Tomorrow, February 13, the world over is commemorating the 2020 World Radio Day. The day was proclaimed on 3rd November 2011 during the 36th General Conference of the United Nations Educational, Scientific and Cultural Organization (UNESCO).
It was originally proposed by the Spanish Kingdom; the first procedure was in January 2008 by the President of the Spanish Radio Academy, Mr. Jorge Alvarez. The day, 13th February, was chosen in recognition of the day the United Nations Radio was established in 1946.
Afterwards, in December 2012 precisely, the General Assembly of the United Nations (UN) endorsed the Proclamation of World Radio Day, thereby enabling it to become a day to be celebrated by all the UN Member States, agencies, as well as their partners.
It’s noteworthy that various radio industry bodies around the world have been supporting the initiative by encouraging radio stations in developed countries to assist those in the developing world.
Presently, the radio set seems to be the easiest and most affordable means of telecommunication. Until the invention of the social media, it was widely regarded as the only handy medium for information dissemination.
It is the easiest, in the sense that most current electronic devices such as GSM among others have access to radio signals. Most affordable, in the sense that anyone regardless of his/her status can boast of an access to radio communication.
For instance, a portable radio set can be obtained at the rate of N2,000 in any local market in Nigeria, and the Direct Current (DC) battery, which could be used to power the said device, can be purchased at most a N150.
But a GSM, which could guarantee an access to a certain social media such as Facebook, can never be obtained at less than N5,000. In most cases, it takes only Symbian phones such as Android, Phantom, iPod, and Blackberry for one to gain access to most recent social media like BBM, Whatsapp, Twitter, Instagram, and what have you, and such phones cannot be obtained at less than N20,000 or thereabout.
The television communication system is not left out in this analysis or comparison. In an average electronics market in Nigeria, a 14-inch television set, for example, is sold at about N25,000 or above. And after purchasing the TV set, the consumer still needs to obtain an outdoor antenna to enable him boast of absolute clarity while using the device.
More so, the consumer would still need to buy a power generating set otherwise known as “Generator”, to aid power supply since there is no assurance for steady power supply anywhere in Nigeria.
This implies that another remarkable phenomenon to be considered while comparing a radio communication system with other means of telecommunication is that, due to instability of power supply in most developing nations like Nigeria, acquiring information through the communication system in question has remained the only reliable means of telecommunication in existence.
On the other hand, considering other means of communications such as the print media, how many Nigerians can afford a N200 or N150 newspaper, as the case may be, on a daily basis, or even a N400 newsmagazine weekly?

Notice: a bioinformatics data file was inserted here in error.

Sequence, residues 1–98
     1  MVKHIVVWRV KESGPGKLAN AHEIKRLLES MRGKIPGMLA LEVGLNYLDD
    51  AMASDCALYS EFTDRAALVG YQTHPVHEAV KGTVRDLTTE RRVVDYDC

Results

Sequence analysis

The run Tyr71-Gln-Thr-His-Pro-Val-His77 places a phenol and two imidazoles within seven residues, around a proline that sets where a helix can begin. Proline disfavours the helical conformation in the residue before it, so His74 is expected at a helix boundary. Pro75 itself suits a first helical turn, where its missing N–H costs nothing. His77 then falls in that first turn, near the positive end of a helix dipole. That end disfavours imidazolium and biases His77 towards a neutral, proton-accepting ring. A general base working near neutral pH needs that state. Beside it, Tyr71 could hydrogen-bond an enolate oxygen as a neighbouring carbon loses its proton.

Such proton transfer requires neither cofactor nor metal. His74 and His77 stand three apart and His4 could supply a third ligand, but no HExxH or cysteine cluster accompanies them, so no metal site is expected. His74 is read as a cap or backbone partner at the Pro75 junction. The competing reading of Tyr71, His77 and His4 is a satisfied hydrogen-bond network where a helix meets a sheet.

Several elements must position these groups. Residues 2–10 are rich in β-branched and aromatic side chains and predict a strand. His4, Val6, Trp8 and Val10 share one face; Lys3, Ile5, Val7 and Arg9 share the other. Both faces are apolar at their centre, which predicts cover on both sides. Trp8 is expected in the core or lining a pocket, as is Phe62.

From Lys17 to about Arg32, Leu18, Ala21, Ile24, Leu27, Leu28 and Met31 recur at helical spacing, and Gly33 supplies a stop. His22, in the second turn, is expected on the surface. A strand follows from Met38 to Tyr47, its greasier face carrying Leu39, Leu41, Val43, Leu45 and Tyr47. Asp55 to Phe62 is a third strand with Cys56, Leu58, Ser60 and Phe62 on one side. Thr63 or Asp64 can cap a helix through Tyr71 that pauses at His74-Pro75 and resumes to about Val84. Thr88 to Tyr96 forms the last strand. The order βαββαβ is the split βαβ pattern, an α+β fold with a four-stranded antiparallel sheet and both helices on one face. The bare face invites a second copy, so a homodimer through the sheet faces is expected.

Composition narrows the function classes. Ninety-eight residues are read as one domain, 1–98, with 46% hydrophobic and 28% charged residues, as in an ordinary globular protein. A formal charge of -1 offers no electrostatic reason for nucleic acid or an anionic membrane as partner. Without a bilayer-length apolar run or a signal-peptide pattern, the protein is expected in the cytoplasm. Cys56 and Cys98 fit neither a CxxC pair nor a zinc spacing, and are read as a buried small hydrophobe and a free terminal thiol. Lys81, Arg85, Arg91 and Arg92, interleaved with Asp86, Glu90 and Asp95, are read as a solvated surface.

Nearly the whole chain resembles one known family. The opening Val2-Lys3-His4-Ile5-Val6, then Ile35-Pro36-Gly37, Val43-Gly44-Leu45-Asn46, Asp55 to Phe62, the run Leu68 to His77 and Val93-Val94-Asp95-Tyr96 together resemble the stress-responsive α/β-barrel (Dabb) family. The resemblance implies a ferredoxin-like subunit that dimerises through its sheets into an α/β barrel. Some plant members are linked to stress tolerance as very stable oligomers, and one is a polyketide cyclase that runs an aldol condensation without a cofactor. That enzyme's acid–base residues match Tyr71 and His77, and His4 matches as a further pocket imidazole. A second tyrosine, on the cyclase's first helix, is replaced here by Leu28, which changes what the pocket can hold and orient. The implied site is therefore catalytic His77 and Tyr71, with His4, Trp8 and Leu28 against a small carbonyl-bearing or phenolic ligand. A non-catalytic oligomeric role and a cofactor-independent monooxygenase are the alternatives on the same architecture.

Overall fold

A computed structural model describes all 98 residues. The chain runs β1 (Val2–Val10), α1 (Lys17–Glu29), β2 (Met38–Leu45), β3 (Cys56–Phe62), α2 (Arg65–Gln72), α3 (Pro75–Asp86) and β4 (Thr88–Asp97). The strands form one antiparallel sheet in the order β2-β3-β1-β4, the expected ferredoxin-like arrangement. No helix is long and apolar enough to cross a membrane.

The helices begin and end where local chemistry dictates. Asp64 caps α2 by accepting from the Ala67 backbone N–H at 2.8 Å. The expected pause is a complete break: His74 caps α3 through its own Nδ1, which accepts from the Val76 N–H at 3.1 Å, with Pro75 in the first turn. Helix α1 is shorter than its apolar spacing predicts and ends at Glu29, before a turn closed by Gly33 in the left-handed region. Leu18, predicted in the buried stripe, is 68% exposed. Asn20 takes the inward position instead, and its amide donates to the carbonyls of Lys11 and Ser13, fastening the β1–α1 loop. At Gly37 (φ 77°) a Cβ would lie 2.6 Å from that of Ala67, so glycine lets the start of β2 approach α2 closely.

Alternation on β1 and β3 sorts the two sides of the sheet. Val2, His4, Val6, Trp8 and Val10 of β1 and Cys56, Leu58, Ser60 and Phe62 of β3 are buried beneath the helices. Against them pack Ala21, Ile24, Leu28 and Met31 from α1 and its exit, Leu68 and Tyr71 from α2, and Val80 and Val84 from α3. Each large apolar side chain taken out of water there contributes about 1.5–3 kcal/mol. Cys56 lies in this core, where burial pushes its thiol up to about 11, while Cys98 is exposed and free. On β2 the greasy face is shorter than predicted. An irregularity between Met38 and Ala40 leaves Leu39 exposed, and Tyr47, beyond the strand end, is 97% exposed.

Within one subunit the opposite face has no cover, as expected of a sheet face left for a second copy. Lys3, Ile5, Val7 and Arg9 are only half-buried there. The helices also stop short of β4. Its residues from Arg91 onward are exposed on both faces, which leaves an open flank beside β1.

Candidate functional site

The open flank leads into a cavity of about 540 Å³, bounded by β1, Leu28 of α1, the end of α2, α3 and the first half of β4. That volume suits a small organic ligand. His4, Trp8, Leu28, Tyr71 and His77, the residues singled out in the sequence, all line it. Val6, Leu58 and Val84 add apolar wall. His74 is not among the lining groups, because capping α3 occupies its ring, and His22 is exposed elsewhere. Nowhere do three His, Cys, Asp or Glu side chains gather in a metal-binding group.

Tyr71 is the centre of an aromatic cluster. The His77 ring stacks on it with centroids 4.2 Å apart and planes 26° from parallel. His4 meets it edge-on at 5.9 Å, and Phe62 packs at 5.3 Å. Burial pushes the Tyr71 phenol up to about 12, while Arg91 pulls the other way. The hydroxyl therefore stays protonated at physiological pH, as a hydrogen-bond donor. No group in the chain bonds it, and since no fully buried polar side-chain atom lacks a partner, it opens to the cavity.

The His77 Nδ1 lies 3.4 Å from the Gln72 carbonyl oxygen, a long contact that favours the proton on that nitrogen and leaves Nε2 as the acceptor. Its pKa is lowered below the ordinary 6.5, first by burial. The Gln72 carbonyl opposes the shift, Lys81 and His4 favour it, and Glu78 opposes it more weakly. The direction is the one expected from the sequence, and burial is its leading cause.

The above is needless to say that the print media is not just expensive to an average Nigerian but no doubt an exorbitant means of communication, compare to radio broadcasting service.
As the global society celebrates the ninth edition of the annual World Radio Day, there is need for the totality of the Nigerian Radio Broadcasting industry to strictly concentrate on the needful.
Rather than dwelling on frivolities as being witnessed in most quarters, the various radio broadcasting firms must base their information dissemination on professionalism, hence need to be mindful of whatever that’s being released to the air for people’s consumption.
A situation whereby a radio broadcasting outlet is used in playing politics towards deceiving the general public is really an aberration. The core mandate of radio broadcasting must remain the watchword of these firms that are derailing on a daily basis.
In view of the above, the Nigerian Communications Commission (NCC) in collaboration with the National Broadcasting Commission (NBC) has a key role to play. Aside their policies that are targeted to maintain professionalism and patriotism, they must be ready to implement severe sanctions on any member of the Broadcasting Organization of Nigeria (BON) that violates the extant rules.
In addition, the BON ought to in its capacity assist the government in conscientizing their members on the significance of professionalism and digitalization. Considering the fact that we are undergoing the 21st Century, every broadcasting studio should by now be thoroughly digitalized for adequate dissemination of air waves and listeners’ pleasure.
Thus, they should at all times maintain a cordial relationship with the NBC with the aim of actualizing a totally digitalized broadcasting industry in Nigeria. The generality of the civil society is as well expected to follow suit in this crusade via sensitization.
The technologies and technicalities of radio broadcasting service remain the most reliable and affordable means of communication across the globe, but it’s worth noting that its reliability or affordability is meant to be sustained by implementing strict policies in the system. Think about it!